But first, the best known writer and best known story in this issue, L. Sprague de Camp’s “The Continent Makers.” It’s listed by the magazine as a “Complete Novel,” which was often a gross exaggeration in pulps of this day, but it should be said that some of the pulps, the Standard Group notable among them, really did publish full length novels in single issues, up to 60,000 words. “The Continent Makers” is a bit shy of the Hugo and Nebula definition of “Novel” (40,000 words), but it’s plenty long enough that it might have been published alone in book form, or as an Ace Double half. However, it was instead chosen as the title story of a collection of Viagens Interplanetarias stories first published in 1953, and perhaps for that reason, it’s never seemed to me to get as much notice as some of de Camp’s other work in that series.
Sprague de Camp (1907-2000) was one of the great SF writers of the “Modern Science Fiction” period — that is, of John Campbell’s birthing, as it were. He was named a Grand Master in 1979. De Camp actually first appeared in Astounding in September 1937, the last issue before Campbell took over, but he quickly became popular working for Campbell, in both Astounding and Unknown, often in collaboration with Fletcher Pratt. His most famous collaborations with Pratt were the Harold Shea Incomplete Enchanter stories, and in fact the first two of those are among this year’s Retro-Hugo nominees.
De Camp wrote several extended series — the Shea stories, the Gavagan’s Bar tales, and many more, but his most extended and arguably most popular series is a future history called Viagens Interplanetarias, set in a future dominated by the Brazilians, where Earth has ventured to a number of nearby star systems using only slower than light travel. De Camp wrote in this series to the very end of his career: his second to last novel, The Venom Trees of Sunga (1992), is a Viagens Interplanetarias story.
Many of his VI stories concerned the planet Krishna. The natives are egg-laying and have antennae, but otherwise are remarkably human appearing and in fact most of the stories concern at some level sexual attraction between humans and Krishnans. Krishna’s technology is a couple of centuries behind Earth’s, and politically they are divided into a variety of often warring states with differing political philosophies — a lot like Earth, that is, except that by the time of de Camp’s stories there is a fairly strong world government.
The Continent Makers is sort of a Krishna story, in that two of the main characters are from Krishna, but they are visiting Earth. They are Jeru-Bhetiru and her fiancé, Varnipaz bad-Savarum, who is studying Earth law in order to help him in his role as essentially Attorney General for a small nation on Krishna. The main human character is physicist Gordon Graham, who is asked to escort Jeru-Bhetiru, or “Betty,” around town while her fiancé is away. Graham, of course, falls for the beautiful and habitually underdressed (by Earth standards) Betty immediately, and she seems to return the attraction, which is embarrassing when Varnipaz turns up. All is fine, though, as the Krishnans explain that marriage is purely a practical arrangement, having nothing to do with love, and anyway humans and Krishnans aren’t interfertile so where’s the harm?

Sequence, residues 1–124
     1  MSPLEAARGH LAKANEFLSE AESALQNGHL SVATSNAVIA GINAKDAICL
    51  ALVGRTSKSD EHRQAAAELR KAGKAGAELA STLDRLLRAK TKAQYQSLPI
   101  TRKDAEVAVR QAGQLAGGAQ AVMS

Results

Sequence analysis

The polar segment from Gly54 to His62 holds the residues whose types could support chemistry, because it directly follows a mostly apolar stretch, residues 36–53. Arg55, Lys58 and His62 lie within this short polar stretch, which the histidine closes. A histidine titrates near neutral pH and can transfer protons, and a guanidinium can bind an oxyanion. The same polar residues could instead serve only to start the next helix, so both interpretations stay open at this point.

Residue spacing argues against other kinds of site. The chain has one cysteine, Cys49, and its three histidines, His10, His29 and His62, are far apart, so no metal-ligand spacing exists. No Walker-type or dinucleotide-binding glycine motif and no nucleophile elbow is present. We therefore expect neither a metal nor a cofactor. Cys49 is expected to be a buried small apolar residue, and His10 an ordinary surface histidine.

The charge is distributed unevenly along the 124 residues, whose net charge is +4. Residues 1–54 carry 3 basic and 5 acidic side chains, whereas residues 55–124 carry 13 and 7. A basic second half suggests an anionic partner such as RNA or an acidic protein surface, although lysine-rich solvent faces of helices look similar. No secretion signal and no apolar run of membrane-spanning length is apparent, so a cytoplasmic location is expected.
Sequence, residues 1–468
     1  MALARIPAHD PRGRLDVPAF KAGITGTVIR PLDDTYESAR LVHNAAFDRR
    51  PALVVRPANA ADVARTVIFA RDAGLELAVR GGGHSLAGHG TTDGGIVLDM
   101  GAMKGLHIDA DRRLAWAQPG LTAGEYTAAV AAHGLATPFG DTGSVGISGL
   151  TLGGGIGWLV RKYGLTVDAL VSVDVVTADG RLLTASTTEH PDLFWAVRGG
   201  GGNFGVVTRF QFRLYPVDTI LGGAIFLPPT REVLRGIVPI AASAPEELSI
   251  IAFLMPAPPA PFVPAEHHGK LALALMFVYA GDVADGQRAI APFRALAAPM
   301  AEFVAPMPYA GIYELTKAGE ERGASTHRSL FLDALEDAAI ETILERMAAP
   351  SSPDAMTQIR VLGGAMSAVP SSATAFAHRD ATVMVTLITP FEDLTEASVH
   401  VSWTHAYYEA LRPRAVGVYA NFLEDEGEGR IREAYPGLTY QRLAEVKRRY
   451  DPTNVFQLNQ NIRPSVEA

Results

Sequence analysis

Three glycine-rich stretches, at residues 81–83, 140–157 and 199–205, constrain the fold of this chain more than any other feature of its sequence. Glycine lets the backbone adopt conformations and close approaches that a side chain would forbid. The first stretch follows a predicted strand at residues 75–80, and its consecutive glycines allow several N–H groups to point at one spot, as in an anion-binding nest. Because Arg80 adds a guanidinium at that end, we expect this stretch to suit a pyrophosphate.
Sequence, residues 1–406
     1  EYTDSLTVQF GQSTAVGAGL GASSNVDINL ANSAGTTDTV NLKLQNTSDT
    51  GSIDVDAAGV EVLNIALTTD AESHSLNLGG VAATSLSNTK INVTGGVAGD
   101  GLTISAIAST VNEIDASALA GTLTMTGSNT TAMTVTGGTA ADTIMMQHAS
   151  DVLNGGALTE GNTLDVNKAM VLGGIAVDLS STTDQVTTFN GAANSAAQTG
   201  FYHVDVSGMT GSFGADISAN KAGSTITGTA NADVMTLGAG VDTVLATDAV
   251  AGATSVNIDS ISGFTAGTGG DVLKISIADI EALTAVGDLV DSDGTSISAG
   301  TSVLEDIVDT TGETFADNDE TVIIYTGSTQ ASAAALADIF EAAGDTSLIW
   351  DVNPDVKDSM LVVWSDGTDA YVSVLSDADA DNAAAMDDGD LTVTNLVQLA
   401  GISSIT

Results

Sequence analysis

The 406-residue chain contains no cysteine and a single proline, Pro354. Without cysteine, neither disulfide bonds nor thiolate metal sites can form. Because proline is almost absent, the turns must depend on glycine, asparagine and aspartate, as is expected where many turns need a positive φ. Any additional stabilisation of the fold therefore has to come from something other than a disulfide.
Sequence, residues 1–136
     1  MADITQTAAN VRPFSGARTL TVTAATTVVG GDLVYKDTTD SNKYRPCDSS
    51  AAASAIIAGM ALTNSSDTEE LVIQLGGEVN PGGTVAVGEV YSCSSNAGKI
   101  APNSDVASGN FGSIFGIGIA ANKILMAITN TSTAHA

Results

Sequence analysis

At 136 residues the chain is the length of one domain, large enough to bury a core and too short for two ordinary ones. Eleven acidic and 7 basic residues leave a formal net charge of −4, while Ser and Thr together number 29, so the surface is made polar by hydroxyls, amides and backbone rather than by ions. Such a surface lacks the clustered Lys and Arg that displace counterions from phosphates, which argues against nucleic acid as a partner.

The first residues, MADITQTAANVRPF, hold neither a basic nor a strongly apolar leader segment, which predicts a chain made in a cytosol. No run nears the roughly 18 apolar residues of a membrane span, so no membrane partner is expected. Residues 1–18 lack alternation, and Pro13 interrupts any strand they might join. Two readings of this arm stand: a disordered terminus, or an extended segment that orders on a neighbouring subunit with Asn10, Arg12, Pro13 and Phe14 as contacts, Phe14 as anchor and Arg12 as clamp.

This is really a side issue to the main action, which begins more or less immediately with an attack on Graham. He and an unexpected ally, a World Federation cop, fight off the attack and Graham soon learns that the whole thing has to do with a plot involving a project Graham has been assisting. There is a plan to set off some bombs under the ocean, causing a release of sufficient magma to form a new continent. This will help with the population on Earth (I shudder to think of the ecological consequences if such a thing could actually be done!), but it seems that the real estate laws (as Varnipaz is happy to explain) mean that the timing of the formation of the new continent is critical. A couple of alien races and some greedy humans have plans to profit by starting the process early. Graham and the cop, along with the brave Krishnans, run around for a while figuring all this out, then go sailing off to an island at the center of the planned new continent, to foil the bad guys. It’s all a bit strained, but that’s not the point. It’s a pretty fun romp most of the way, with lots of off the cuff grace notes like the “Churchillian Society,” which attempts to prove that George Bernard Shaw could not possibly have written the plays attributed to him — the real author must have been Winston Churchill.
On to the pseudonyms. If I said that one of the well-known authors in this issue had another story published under a pseudonym, I bet a lot of people might have looked at the name “Carter Sprague” in the TOC and guessed that maybe de Camp used that name. Well, “Carter Sprague” is a pseudonym, but not for de Camp — instead, for the magazine’s editor, Sam Merwin, Jr. In fact, Merwin published a fair amount of SF, much of it (that I’ve read) reasonably enjoyable if slight. His main market, perhaps not surprising, was the magazines he edited, and while he occasionally used his own name, he usually used pseudonyms, primarily “Carter Sprague” and “Matt Lee.” Both those names appear in this issue.